From The Atlantic:

Trump may additionally think his hand is strengthened by another federal law that tells Congress to respect each state's final resolution of ballot disputes if made by December 8. This date may well be too soon for all mail-in ballots to be counted when the pandemic is sure to increase the number of such ballots cast. But that provision is a mere "safe harbor": It doesn't require that states resolve ballot disputes by December 8. The only statutory deadline for a state to send its tally is December 23, and the only deadline for receiving a state's tally—the true constitutional deadline—is January 6, when Congress meets in special session to certify the election results. So there's no excuse for a state to call its election a failure or for Congress to disregard the results so long as they're resolved ideally by December 23 but ultimately no later than January 6—not December 8.

Trump is at his core no different from just "re-elected" authoritarian President Aleksander Lukashenko in Belarus, who's been in office since 1994. It's not a stretch to suggest Trump would cheat to win or prioritize his personal and political interests over the well-being of others. Remember why he was impeached.

Tribe, Taub, and Geltzer are right that states should pass statutes "making clear that vote-counting must be done not by December 8, but by January 6—and ideally by December 23." States should also honor all votes postmarked before on on November 3 in the official tally. But perhaps the best defense against Trump's tactics would be starting the mail-in and early-voting process as soon as possible. This will give states time to count the unprecedented number of mail-in ballots.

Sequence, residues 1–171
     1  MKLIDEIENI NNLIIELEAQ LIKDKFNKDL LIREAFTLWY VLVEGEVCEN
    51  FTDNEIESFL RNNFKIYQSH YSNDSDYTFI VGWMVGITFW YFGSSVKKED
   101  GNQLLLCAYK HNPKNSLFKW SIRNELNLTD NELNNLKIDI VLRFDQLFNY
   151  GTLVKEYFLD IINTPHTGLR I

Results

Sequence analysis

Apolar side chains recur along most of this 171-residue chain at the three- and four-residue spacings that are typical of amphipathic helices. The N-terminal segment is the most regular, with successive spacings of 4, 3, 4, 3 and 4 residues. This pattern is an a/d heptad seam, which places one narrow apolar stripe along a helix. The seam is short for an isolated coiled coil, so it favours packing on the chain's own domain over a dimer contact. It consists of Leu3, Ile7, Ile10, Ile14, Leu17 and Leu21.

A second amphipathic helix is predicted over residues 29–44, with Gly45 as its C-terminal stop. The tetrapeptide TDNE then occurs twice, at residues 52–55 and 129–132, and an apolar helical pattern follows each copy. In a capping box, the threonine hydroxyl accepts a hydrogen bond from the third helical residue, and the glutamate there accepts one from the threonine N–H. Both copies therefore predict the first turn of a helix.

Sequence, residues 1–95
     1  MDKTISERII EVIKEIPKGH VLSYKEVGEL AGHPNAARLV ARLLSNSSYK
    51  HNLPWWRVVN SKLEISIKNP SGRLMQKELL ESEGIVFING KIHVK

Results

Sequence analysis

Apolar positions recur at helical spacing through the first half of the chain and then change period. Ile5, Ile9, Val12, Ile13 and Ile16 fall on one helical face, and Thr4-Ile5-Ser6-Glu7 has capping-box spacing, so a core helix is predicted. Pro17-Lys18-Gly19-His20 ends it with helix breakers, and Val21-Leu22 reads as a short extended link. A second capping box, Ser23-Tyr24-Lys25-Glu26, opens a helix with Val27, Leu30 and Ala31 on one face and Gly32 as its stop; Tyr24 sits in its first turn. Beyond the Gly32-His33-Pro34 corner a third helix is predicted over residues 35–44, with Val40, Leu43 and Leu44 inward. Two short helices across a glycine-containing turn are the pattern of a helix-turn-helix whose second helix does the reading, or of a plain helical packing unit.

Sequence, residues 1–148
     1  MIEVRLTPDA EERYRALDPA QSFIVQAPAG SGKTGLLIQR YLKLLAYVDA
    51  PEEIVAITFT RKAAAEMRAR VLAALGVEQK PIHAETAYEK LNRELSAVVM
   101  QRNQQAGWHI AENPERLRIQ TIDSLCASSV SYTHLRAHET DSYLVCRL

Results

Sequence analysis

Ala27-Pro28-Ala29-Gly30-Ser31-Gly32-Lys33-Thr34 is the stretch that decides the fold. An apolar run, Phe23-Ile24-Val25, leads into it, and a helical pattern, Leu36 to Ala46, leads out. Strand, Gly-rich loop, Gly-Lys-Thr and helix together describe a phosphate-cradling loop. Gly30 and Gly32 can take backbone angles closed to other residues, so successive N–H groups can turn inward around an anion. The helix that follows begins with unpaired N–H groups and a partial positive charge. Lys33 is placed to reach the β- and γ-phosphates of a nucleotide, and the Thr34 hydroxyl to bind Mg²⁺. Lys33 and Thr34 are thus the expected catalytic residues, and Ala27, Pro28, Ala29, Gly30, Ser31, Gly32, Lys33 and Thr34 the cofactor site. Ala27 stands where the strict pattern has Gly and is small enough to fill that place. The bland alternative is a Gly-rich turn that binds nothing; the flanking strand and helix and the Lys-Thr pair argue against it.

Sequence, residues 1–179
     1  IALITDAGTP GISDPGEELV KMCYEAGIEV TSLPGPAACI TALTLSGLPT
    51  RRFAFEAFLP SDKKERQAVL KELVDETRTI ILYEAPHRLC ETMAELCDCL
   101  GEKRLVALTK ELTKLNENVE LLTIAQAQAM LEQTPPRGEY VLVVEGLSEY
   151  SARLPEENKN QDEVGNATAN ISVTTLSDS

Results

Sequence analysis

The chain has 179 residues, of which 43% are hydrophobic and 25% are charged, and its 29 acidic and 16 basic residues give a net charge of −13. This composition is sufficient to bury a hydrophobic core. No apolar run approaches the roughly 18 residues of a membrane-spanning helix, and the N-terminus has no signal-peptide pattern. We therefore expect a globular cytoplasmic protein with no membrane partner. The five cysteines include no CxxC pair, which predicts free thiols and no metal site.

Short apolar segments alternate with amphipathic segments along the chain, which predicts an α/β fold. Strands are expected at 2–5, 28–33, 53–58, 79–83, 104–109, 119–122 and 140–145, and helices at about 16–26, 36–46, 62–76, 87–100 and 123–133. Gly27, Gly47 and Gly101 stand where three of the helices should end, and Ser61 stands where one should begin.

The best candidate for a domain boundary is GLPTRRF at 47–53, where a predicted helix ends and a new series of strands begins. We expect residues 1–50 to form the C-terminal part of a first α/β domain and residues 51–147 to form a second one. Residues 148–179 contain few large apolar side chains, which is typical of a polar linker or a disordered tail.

States should also start screaming from the rafters right now that they intend to count all the votes. We should expect that Fox News will have the mail-in voter fraud propaganda machine cranked to 11.

If we get a jump on the issue, recognizing the naked corruption we're facing from likely most Republicans, not just Trump, we can still prevail. Then President Biden can replace the postmaster with someone who won't delay medication for old people just so he can deliver a second term for his criminal president.

There are 85 days until the presidential election. We knew Trump wouldn't go without a fight, but we've still got plenty of fight left in us.


[Politico / The Atlantic]

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Stephen Robinson

Stephen Robinson is a writer and social kibbitzer based in Portland, Oregon. He's on the board of the Portland Playhouse theater and writes for the immersive theater Cafe Nordo in Seattle. Tickets are on sale now for his latest Nordo collaboration, "Curiouser and Curiouser," an adaptation of "Alice's Adventures in Wonderland" and "Through the Looking Glass." It promises to feel like an actual evening with SER (for good or for ill).